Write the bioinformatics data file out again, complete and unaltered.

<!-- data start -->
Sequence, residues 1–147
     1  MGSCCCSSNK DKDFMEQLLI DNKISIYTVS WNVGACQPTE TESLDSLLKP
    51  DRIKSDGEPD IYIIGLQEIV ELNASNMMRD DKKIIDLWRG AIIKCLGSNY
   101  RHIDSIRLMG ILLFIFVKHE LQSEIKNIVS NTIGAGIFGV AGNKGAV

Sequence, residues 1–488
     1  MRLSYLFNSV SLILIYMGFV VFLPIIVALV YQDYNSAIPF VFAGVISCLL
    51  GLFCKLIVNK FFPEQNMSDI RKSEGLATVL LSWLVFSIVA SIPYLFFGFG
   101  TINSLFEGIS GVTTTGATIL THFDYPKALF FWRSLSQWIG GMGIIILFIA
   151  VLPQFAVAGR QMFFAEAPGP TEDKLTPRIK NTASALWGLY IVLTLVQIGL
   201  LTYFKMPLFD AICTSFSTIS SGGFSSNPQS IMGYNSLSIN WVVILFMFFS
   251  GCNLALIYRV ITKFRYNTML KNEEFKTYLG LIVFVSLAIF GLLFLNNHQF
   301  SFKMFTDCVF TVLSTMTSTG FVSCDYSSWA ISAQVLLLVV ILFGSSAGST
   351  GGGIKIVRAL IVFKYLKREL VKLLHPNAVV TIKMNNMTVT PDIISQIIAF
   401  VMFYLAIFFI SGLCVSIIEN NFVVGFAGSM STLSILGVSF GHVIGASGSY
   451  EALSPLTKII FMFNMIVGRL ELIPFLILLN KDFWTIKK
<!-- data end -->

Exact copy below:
Sequence, residues 1–147
     1  MGSCCCSSNK DKDFMEQLLI DNKISIYTVS WNVGACQPTE TESLDSLLKP
    51  DRIKSDGEPD IYIIGLQEIV ELNASNMMRD DKKIIDLWRG AIIKCLGSNY
   101  RHIDSIRLMG ILLFIFVKHE LQSEIKNIVS NTIGAGIFGV AGNKGAV

Sequence, residues 1–488
     1  MRLSYLFNSV SLILIYMGFV VFLPIIVALV YQDYNSAIPF VFAGVISCLL
    51  GLFCKLIVNK FFPEQNMSDI RKSEGLATVL LSWLVFSIVA SIPYLFFGFG
   101  TINSLFEGIS GVTTTGATIL THFDYPKALF FWRSLSQWIG GMGIIILFIA
   151  VLPQFAVAGR QMFFAEAPGP TEDKLTPRIK NTASALWGLY IVLTLVQIGL
   201  LTYFKMPLFD AICTSFSTIS SGGFSSNPQS IMGYNSLSIN WVVILFMFFS
   251  GCNLALIYRV ITKFRYNTML KNEEFKTYLG LIVFVSLAIF GLLFLNNHQF
   301  SFKMFTDCVF TVLSTMTSTG FVSCDYSSWA ISAQVLLLVV ILFGSSAGST
   351  GGGIKIVRAL IVFKYLKREL VKLLHPNAVV TIKMNNMTVT PDIISQIIAF
   401  VMFYLAIFFI SGLCVSIIEN NFVVGFAGSM STLSILGVSF GHVIGASGSY
   451  EALSPLTKII FMFNMIVGRL ELIPFLILLN KDFWTIKK